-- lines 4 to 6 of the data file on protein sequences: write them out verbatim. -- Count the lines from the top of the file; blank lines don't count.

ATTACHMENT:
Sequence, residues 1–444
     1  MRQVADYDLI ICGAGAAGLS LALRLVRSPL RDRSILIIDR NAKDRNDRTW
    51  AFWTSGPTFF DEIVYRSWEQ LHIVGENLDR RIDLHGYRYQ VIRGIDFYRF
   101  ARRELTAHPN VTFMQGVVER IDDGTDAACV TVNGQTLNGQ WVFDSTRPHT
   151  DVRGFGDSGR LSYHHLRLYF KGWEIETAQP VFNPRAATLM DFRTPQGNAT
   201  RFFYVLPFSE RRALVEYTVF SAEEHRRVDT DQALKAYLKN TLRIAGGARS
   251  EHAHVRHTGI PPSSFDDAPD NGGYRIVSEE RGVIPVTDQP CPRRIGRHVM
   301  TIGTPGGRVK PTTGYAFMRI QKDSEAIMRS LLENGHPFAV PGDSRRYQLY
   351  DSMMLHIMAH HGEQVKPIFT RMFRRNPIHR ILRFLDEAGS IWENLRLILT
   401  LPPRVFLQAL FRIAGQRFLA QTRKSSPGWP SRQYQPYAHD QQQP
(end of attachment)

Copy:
   101  ARRELTAHPN VTFMQGVVER IDDGTDAACV TVNGQTLNGQ WVFDSTRPHT
   151  DVRGFGDSGR LSYHHLRLYF KGWEIETAQP VFNPRAATLM DFRTPQGNAT
   201  RFFYVLPFSE RRALVEYTVF SAEEHRRVDT DQALKAYLKN TLRIAGGARS